Eve Medical: Empowering women to self-screen for their own health
Jessica Ching is an industrial design graduate from OCAD University with a passion for using design to enhance user experience and compliance in healthcare. While completing her degree she designed the first prototype of HerSwab, a medical device that makes it easy for women to collect their own samples to screen for human papillomavirus (HPV), a virus that causes cervical cancer and other STIs. In 2010 she co-founded Eve Medical with Evan Moses to commercialize the product.
The HerSwab technology was designed together with women and doctors to ensure a simple, user-friendly process that produces high-quality samples. HerSwab makes the HPV screening process more comfortable and accessible for women who have limited or no access to a clinic.
According to the World Health Organization, approximately 274,000 women die every year from cervical cancer. The majority of these deaths occur in under-screened women. Many women do not get tested for HPV because they either do not have the time, lack access to a doctor, find the test embarrassing or uncomfortable, or are inhibited culturally. Roughly one-third of women in Canada and other developed countries have either never screened for HPV or do not screen on a regular basis.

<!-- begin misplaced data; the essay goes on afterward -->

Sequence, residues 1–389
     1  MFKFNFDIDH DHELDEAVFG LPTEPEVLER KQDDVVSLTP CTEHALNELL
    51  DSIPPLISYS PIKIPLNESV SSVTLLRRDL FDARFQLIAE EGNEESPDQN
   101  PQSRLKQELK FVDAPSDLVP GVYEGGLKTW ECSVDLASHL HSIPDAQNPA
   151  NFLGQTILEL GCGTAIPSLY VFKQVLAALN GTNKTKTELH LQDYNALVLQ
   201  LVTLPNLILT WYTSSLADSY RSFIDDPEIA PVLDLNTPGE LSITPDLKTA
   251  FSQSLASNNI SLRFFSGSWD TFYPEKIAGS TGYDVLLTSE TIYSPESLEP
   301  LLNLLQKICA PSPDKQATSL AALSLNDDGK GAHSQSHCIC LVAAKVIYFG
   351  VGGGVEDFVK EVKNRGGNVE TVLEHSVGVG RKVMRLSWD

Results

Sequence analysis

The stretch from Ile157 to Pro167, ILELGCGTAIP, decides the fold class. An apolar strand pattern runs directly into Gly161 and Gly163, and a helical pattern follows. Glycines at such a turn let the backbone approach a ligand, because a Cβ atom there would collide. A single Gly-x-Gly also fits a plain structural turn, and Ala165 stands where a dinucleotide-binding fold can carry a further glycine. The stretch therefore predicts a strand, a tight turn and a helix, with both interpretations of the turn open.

Cervical cancer is a preventable disease if detected and treated early, but regular screening is critical for timely prevention. One current method used to reach women to raise awareness about HPV screening is to send a letter in the mail reminding them to get checked for the virus at their nearest clinic. Early studies show that self-sampling at home makes women three to five times more likely to comply when compared to an invitation letter for a clinic visit.
HerSwab launched in Europe this past summer and Eve Medical has since begun pilots with customers in Slovenia, Scotland, the United Kingdom and Italy. Eve Medical is focusing initially on European countries due to lower regulatory barriers and a faster adoption of HPV testing as primary screening compared to North American countries.
Eve Medical sets out to save the lives of our mothers, sisters and daughters by making HPV diagnosis and care more accessible and patient friendly. In the next five years, Eve Medical aims to empower one million previously non-screening women to take charge of their own health and to test themselves.
Both ChipCare and Eve Medical are targeting international markets with their globally relevant technologies, albeit to reach target populations and/or for regulatory reasons. With no shortage of STIs and the need for regular testing in North America, we would be lucky for both devices to return home to provide our rural communities and socially embarrassed, culturally inhibited or simply busy men and women with access to better healthcare.